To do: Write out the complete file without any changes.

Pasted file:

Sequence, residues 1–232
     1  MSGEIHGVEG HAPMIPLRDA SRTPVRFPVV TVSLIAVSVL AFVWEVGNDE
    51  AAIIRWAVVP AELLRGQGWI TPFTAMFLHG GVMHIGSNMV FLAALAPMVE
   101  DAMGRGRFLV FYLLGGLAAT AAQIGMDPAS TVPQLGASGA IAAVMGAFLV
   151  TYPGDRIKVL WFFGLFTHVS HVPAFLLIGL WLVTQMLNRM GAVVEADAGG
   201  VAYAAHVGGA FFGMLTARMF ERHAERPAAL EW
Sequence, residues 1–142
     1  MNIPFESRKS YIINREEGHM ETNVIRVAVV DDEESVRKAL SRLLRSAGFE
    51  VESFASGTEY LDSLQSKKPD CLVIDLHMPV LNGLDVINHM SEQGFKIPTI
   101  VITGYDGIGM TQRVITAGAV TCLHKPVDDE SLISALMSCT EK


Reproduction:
Sequence, residues 1–232
     1  MSGEIHGVEG HAPMIPLRDA SRTPVRFPVV TVSLIAVSVL AFVWEVGNDE
    51  AAIIRWAVVP AELLRGQGWI TPFTAMFLHG GVMHIGSNMV FLAALAPMVE
   101  DAMGRGRFLV FYLLGGLAAT AAQIGMDPAS TVPQLGASGA IAAVMGAFLV
   151  TYPGDRIKVL WFFGLFTHVS HVPAFLLIGL WLVTQMLNRM GAVVEADAGG
   201  VAYAAHVGGA FFGMLTARMF ERHAERPAAL EW
Sequence, residues 1–142
     1  MNIPFESRKS YIINREEGHM ETNVIRVAVV DDEESVRKAL SRLLRSAGFE
    51  VESFASGTEY LDSLQSKKPD CLVIDLHMPV LNGLDVINHM SEQGFKIPTI
   101  VITGYDGIGM TQRVITAGAV TCLHKPVDDE SLISALMSCT EK